Amateur space enthusiasts are mounting spaceflight missions funded by online supporters
Copenhagen Suborbitals aims to send a manned rocket into space by 2020
Cornell graduate Zac Manchester will launch his crowd-funded micro satellite project in December
In the halcyon days of space exploration, when the USSR was sending the very first satellites into orbit, and Neil Armstrong was about to take his first (small) steps on the moon, NASA’s finances accounted for a staggering 4.41% of the US federal budget. In the last two years, that figure has dropped below 0.50% for the first time since 1960, and with the long, slow decline in funding has come an equally steady slide in the US government’s appetite for space exploration.
Two years ago, many commentators were proclaiming the end of the space age. The contention seemed hard to dispute: in 2011, NASA’s Space Shuttle program was permanently retired when the Atlantis touched down to the Kennedy Space Center in Florida, after completing its final voyage. Around the same time, plans for a U.S.-manned mission to Mars were shelved, and steps were put in place to decommission the International Space Station.
But as governmental funds have dried up, amateur space enthusiasts around the world are reviving humanity’s interplanetary dreams through crowd-researched and crowd-funded space projects of their own.
The idea of crowd funding, where a large number of individuals pledge a small amount of cash towards a big project, may not be new, but it has been given a new lease on life through websites such as Kickstarter, which help people with innovative ideas reach a global audience. To date, Kickstarter has helped fund films, video games, electronics and more. Recently though, Kickstarter, and other sites like it, have begun to be used to fund missions to the final frontier.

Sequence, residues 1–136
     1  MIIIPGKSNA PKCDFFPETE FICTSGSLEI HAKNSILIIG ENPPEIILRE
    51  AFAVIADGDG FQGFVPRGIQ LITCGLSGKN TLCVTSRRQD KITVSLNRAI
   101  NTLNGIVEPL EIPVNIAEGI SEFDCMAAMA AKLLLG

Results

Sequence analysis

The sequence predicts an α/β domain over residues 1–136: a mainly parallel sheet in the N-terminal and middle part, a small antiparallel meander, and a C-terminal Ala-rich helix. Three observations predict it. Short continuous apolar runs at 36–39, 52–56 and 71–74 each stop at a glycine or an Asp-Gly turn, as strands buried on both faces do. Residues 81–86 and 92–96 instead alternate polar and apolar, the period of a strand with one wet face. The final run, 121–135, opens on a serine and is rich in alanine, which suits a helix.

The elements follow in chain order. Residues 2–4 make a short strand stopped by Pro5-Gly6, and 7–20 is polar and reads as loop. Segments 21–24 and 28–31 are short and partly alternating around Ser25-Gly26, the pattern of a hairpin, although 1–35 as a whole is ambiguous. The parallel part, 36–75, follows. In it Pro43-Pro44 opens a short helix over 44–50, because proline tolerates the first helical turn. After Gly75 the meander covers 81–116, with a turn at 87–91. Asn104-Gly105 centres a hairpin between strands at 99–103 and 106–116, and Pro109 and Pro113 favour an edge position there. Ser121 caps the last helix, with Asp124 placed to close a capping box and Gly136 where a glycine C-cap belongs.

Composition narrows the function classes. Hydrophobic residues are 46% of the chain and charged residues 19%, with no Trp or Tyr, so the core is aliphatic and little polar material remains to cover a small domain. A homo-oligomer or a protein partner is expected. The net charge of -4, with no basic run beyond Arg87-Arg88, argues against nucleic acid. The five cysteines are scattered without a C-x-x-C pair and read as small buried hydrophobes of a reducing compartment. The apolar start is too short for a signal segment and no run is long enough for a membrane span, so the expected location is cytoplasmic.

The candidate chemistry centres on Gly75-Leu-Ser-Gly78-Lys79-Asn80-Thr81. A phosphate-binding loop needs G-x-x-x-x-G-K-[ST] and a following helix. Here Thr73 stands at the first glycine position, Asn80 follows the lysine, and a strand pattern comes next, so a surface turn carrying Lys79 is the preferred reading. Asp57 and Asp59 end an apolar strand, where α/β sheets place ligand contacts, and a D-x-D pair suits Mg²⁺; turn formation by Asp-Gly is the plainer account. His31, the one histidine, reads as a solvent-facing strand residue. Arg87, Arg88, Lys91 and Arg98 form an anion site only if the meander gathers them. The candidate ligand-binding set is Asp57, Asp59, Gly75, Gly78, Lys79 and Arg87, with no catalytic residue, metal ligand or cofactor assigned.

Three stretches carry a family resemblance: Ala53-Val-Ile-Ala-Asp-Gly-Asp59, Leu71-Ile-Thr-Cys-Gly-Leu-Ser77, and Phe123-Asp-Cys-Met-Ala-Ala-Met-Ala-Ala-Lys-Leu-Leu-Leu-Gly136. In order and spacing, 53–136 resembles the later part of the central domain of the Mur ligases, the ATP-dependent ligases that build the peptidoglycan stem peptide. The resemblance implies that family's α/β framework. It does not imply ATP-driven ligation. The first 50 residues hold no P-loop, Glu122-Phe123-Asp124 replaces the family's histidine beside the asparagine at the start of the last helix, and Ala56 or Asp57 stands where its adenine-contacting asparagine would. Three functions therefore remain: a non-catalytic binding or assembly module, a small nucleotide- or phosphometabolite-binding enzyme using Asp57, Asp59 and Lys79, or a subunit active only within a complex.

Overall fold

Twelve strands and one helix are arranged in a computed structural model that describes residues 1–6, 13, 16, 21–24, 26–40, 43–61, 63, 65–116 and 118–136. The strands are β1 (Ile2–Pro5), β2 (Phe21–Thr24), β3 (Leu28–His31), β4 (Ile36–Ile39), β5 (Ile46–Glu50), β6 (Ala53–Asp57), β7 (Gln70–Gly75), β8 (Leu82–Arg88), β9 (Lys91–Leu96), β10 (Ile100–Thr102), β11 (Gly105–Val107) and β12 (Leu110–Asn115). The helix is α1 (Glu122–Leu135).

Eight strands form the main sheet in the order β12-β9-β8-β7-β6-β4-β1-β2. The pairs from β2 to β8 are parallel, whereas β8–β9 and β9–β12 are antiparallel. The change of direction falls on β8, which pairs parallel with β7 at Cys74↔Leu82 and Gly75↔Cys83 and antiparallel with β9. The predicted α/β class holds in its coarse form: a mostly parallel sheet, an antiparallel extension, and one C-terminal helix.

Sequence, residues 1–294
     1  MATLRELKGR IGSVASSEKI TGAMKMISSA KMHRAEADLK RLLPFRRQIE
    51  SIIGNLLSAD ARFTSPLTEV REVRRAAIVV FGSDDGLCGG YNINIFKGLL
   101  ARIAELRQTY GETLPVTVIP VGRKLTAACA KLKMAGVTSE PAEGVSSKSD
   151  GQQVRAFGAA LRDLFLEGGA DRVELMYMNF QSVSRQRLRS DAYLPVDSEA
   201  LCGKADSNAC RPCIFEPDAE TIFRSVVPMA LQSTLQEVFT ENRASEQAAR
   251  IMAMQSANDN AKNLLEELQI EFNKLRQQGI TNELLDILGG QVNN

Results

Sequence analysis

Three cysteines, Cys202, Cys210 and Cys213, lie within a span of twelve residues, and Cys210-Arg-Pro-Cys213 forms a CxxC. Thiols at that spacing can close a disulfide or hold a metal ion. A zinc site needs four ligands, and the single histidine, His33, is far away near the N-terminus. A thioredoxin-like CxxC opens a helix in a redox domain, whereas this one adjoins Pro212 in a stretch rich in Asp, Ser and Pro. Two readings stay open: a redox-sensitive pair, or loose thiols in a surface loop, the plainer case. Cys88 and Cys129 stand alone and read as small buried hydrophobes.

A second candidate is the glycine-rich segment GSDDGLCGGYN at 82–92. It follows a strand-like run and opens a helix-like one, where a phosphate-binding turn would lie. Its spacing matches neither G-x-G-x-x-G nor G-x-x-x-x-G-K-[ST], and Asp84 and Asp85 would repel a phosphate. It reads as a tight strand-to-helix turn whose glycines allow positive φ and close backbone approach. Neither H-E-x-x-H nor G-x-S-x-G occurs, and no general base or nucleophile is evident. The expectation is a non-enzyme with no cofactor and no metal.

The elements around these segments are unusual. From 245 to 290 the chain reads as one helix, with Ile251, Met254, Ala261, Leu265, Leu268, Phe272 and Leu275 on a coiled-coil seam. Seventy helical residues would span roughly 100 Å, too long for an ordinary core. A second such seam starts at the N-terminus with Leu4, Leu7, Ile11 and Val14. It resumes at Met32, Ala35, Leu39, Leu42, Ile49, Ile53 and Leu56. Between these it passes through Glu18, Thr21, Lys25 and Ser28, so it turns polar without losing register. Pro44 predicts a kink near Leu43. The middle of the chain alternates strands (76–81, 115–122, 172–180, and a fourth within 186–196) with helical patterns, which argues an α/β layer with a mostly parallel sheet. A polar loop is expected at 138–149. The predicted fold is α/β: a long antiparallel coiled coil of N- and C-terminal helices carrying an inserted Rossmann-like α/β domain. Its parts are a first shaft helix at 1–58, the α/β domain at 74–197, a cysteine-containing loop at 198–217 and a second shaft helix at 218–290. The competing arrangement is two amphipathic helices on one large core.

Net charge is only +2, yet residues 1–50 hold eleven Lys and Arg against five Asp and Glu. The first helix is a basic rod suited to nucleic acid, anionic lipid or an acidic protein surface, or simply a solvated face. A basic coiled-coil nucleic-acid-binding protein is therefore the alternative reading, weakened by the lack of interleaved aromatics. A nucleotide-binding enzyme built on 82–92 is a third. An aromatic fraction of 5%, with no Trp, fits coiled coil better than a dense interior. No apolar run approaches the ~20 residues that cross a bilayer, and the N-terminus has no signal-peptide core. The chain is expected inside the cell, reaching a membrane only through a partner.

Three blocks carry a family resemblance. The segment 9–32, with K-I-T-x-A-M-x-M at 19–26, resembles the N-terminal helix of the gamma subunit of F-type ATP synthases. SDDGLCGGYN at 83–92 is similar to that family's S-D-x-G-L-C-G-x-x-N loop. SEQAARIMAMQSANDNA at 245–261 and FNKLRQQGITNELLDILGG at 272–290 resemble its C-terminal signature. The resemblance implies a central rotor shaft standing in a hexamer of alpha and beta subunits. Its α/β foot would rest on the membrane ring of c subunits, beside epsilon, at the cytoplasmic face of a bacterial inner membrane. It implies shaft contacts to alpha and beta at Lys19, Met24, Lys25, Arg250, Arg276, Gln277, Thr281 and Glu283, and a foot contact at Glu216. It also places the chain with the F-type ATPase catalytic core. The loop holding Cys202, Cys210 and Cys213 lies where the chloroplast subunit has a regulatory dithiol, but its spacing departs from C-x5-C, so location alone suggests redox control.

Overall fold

To date, many of these projects have been relatively modest in scale and ambition, with sorties only as far as Earth’s low orbit. But some are attempting to recapture the spirit of President John F. Kennedy’s potent 1962 speech: “We choose to go to the moon. We choose to go to the moon in this decade.”
The most ambitious and headline grabbing of them all is a new crowd-researched venture to send a manned submarine to Jupiter’s ice moon, Europa.
Yes, you read that right. The fledgling mission hopes to take an amphibious vehicle farther than humanity has ever traveled before, to dive deep into the freezing oceans of Europa. At the moment, the project simply aims to connect people around the world to begin researching the mission – funding for the operation will come much later.
Kristian von Bengtson is the man behind the audacious scheme. von Bengtson has spent the last five years working on crowd-funded rocket projects alongside his business partner Peter Madsen. Their organization, Copenhagen Suborbitals, has grown from a two-man team into a volunteer army of 45 full- and part-time collaborators with an annual crowd-sourced budget of around $400,000.
Europa is regarded as a suitable destination for human exploration due to the commonly held theory that beneath its icy surface lie great oceans of water in liquid form. Scientists suggest that Europa is one of the most likely locations in the Solar System to be capable of hosting extra-terrestrial life. Some have postulated that microbial life akin to that found in Earth’s deepest oceans may already exist there. So compelling is this possibility that the European Space Agency is planning a mission to send a robot to Europa in 2022.
For von Bengston though, sending robots into space holds no interest. “If you send a piece of equipment to a part of space then you didn’t actually go there … Robots are stupid mindless machines. They are not curious, they don’t come up with ideas or solutions.”